The festival of Ram Navami is a Hindu festival, celebrating the birth of Lord Rama, the son of King Dashrath. The celebration of Ram Navami takes place on the ninth day of ‘Sukla Paksha’, the ninth day of the month of Chaitra in Hindu calendar. The birth of Rama was a joyous occasion in Ayodhya when King Dashrath’s heir was finally born. The day of the festival begins with the offering of prayers to the sun during the midday, the time when Lord Rama was believed to be born.
The day was a big celebration in the royal family of Ayodhya, who thanked the almighty for this miracle. Lord Rama is considered an avatar of Lord Vishnu, who came down on earth to vanquish the demon King Ravana. Lord Rama was the epitome of truth and goodness and has been given the status of a god by the Hindus. The great Hindu epic Ramayana (written by Sanskrit poet Valmiki) mentioned the purpose of the birth of Rama on earth to restore mankind to its previous glory and annihilate the evil.
The festival is also known as Shree Ram Navami, a nine day festival coinciding with Vasant Navaratri. The devotees stay awake in the anticipation of Lord Rama’s birth. At this festival, all the temples are beautifully decorated and excerpts from the ‘Ramacharitamanas’ is read out. It is one of the five Mahavratas observed since ancient times. The worship begins with the Vedic mantras dedicated to Lord Vishnu with offering flowers to the god. The devotees fast for nine days by consuming only fruits and milk.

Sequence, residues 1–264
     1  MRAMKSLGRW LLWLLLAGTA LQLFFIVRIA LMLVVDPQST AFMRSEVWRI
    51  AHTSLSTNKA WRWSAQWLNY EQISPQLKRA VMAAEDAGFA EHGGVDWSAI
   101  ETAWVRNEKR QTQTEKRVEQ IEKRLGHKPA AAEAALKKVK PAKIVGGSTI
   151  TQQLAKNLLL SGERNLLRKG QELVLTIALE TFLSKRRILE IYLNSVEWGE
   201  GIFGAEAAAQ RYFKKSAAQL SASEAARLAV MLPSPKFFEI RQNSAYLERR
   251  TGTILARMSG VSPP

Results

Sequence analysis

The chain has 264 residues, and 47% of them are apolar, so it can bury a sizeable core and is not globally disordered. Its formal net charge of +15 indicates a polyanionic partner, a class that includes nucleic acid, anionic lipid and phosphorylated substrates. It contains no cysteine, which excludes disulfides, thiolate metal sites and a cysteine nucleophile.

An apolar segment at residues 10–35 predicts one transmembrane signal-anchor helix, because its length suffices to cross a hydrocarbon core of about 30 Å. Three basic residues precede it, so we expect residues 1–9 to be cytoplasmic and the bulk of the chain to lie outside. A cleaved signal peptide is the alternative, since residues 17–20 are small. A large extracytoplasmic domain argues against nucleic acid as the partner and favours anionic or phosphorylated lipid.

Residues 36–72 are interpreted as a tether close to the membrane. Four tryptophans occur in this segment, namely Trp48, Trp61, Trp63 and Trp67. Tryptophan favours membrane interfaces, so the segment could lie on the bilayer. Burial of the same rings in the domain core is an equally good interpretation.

People start the festival by taking early morning bathe and the youngest female member of the family applies a red Tilak (mark) to all the other family members before everyone joins in the worship. The worship is followed by prayers and offering flowers and fruits to Lord Rama. An image of Rama is placed in the cradle and at noon the covering is removed, and Naivedya is offered to Rama. In North India, the main attraction is a gaily- decorated chariot with four persons sitting and dressed up as Ram, his brother Lakshmana, Lord Hanuman and Lord Rama’s queen Sita. Many places in North India host fairs in connection with the festival with spectacular fireworks on Ram Navami.
In South India, the celebration of the Ram Navami day is celebrated as the wedding anniversary of Lord Rama and Goddess Sita. The festival is known as Sitarana Kalyanam is held at the temples throughout South India region, accompanied by chanting the name of Rama. Whereas in Uttar Pradesh, Ramnavami is celebrated in all Vaishnava Temples and the ritual starts with a coconut placed in the cradle and in the midday the priest announces the birth of Rama. It is believed by fasting on this day, Lord Rama will fulfil all the wishes of his devotees.
The celebration of Ram Navami festival is given such an importance in India, that even in the days when the caste system was prevalent in the country, the Shudras were allowed to participate in the occasion.
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